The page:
Happy September, everyone! It’s that time of year when we start really racking our brains to figure out how to best use our waning harvests. Of special concern this year is the tomatoes, simply because we have so many of them. As the majority of plants are on their way out, the tomatoes that remain are often, but not always, a little tougher than those from more timely harvests. Since we’ve been fiddling around with a teensy kitchen remodel this summer, and since we didn’t feel like dragging out all the canning supplies this past weekend, we decided to make some sauce!
Fact is, we’ve been making tomato sauces of this or that kind since harvesting began. It’s just about the best way we can think of to use up tomatoes that are in any state – from not quite ripe to overripe and everything in between. Because we use tomato sauces frequently throughout the year, we always look forward to making the best of the best during the summer. (This year we also tried freezing some sauce that we made a couple months ago; hopefully it’ll survive into the winter.) In any event, this week we thought we’d go through our sauce-making process, not that it’s anything particularly groundbreaking. If you have a favorite recipe, we’d love to see it in the comments!
First off, you need, well…tomatoes, and lots of them, of any variety you like. Set your oven to 400 degrees and place your tomatoes on sheet pans that have been sprayed with a little cooking spray and/or covered with foil. Cut large tomatoes in half and place them cut side down on the pans. Small tomatoes don’t have to be cut, but you can if you like. While not totally necessary, you can also season them with a little drizzled olive oil, salt, and pepper. Once the oven is heated, roast the tomatoes for 20-25 minutes, or until the skins have browned and shriveled. Remove the pans from the oven and let the tomatoes cool for 30 minutes. If you use mostly regular tomatoes, be careful when removing the pans from the oven because the tomatoes will likely be swimming in juice.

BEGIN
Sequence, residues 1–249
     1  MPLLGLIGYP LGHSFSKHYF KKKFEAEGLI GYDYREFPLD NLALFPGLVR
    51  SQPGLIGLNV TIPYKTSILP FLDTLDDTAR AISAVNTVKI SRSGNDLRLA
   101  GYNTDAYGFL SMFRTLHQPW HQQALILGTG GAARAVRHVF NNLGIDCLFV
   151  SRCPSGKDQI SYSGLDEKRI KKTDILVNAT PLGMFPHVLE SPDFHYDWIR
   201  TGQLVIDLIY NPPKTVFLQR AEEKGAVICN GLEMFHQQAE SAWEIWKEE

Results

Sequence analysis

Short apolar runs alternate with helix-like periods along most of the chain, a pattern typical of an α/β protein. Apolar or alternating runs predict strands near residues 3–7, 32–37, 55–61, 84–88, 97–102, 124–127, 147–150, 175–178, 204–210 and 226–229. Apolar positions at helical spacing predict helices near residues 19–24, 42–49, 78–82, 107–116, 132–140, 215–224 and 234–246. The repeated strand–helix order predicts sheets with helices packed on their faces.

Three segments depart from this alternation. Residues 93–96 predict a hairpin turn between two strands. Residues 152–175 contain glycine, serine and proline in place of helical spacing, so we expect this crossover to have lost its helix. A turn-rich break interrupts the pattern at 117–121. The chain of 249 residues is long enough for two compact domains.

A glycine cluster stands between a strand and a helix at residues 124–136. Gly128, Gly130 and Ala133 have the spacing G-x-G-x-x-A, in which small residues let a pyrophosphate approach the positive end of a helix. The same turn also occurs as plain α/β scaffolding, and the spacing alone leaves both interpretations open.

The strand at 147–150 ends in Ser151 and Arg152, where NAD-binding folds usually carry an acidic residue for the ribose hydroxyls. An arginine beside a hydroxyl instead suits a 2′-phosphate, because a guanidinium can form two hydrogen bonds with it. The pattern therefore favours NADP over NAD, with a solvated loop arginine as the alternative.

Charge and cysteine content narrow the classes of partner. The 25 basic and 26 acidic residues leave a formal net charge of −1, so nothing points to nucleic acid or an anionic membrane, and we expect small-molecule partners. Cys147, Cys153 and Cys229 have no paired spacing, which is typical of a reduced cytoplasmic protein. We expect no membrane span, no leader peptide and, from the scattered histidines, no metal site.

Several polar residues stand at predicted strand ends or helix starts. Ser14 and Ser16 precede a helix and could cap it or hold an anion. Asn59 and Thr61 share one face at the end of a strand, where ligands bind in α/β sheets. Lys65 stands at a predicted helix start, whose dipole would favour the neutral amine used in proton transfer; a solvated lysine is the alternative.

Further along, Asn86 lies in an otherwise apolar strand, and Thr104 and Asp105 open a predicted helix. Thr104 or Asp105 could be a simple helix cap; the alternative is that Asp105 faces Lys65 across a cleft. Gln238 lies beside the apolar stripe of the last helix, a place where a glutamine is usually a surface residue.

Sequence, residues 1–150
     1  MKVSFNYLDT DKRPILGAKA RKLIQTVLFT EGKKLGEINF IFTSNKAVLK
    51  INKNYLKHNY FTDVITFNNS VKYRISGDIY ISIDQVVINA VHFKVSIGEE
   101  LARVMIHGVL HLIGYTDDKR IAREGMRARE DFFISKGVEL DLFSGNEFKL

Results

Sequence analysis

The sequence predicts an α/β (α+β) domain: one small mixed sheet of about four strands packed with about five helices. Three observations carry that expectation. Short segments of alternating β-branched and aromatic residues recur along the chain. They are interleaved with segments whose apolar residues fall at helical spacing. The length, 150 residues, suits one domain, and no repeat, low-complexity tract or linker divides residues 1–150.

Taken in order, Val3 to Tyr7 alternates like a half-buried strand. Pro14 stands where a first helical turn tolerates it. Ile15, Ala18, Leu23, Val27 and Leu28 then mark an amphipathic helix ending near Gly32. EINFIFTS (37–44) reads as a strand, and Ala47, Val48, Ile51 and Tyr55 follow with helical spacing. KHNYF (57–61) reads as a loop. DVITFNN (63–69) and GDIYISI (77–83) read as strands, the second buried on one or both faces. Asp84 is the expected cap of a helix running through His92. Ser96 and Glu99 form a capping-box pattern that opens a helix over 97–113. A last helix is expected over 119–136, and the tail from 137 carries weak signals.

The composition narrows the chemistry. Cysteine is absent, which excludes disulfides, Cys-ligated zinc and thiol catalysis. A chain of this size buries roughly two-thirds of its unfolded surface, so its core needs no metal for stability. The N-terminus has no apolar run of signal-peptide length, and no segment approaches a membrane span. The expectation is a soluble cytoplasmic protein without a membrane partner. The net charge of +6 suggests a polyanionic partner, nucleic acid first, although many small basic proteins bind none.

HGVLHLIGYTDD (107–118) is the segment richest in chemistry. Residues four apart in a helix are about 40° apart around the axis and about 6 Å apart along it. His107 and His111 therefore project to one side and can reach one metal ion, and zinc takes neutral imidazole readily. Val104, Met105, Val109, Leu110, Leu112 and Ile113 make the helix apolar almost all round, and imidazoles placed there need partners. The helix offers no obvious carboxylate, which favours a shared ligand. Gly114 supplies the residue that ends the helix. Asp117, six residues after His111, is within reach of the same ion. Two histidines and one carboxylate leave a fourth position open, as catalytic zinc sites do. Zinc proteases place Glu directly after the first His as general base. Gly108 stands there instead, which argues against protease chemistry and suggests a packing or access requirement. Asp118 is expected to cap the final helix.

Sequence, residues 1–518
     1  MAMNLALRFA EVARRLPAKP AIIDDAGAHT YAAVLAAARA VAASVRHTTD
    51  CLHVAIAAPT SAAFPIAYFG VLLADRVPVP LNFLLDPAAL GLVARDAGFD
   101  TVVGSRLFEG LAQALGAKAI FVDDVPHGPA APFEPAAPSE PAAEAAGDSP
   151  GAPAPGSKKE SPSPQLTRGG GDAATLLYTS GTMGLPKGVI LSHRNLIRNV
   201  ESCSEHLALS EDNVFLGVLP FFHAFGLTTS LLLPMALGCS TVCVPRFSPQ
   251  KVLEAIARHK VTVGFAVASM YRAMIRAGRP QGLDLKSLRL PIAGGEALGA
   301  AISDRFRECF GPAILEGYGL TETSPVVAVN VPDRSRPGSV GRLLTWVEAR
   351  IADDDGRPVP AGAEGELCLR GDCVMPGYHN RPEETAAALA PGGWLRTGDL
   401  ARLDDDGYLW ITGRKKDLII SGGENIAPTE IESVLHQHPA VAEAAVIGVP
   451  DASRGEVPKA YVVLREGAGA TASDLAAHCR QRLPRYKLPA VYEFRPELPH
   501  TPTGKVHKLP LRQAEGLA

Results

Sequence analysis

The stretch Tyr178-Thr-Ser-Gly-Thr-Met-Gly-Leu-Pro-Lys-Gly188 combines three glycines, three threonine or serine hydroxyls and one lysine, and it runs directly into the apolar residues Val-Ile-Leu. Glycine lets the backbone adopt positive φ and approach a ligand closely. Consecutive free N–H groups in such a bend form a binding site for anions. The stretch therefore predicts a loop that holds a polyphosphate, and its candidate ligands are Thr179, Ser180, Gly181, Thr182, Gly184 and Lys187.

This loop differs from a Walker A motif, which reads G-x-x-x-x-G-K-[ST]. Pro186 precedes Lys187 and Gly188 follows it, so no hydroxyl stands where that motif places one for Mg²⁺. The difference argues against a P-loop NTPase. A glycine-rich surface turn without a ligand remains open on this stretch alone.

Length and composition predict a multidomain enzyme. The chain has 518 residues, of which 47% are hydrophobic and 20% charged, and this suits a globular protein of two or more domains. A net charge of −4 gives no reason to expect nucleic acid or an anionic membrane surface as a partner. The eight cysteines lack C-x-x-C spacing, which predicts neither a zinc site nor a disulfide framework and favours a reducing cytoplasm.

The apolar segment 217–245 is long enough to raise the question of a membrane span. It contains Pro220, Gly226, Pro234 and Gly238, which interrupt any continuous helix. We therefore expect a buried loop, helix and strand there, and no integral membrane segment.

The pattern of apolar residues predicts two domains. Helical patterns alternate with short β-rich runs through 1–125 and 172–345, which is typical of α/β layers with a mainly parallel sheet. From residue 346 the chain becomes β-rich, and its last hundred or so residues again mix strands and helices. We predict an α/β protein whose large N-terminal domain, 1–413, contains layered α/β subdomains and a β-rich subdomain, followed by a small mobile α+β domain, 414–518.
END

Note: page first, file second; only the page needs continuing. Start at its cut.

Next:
As a general rule, paste tomatoes, like Roma and San Marzano, make the best sauces because they contain lots of flesh and little moisture compared to your standard round sandwich tomatoes. So the resulting sauce tends to be thicker. While we had some paste tomatoes on hand, most weren’t, but we have a trick on how to deal with those juicy tomatoes — strain them!
Okay, so it’s not a very fancy trick, but once the tomatoes have cooled, just plop them all into a strainer and let them sit for as long as you like. The longer the cooked tomatoes strain, the less watery the sauce will be. We usually let them strain for 20 minutes or so.
Once strained, it’s time to mash them up. For this, you can either work in batches by ladling the cooked tomatoes into a blender and grinding them, or, like we do, place all the tomatoes into a large bowl and use a hand mixer to puree them.
Continue with whichever process until all the tomatoes are blended. If using a blender, transfer the puree into a large bowl.
Now, if you don’t mind a sauce that contains tomatoes seeds and skin, you could use this puree as is, cooking it down with whatever spices you like. We tried that awhile back but didn’t care for the texture, so that’s when we started straining our tomato puree. If you’re going to cook the puree right away, you can strain it into a saucepan like we show below. If not, then you can strain it into another large bowl or directly into storage containers of your choosing.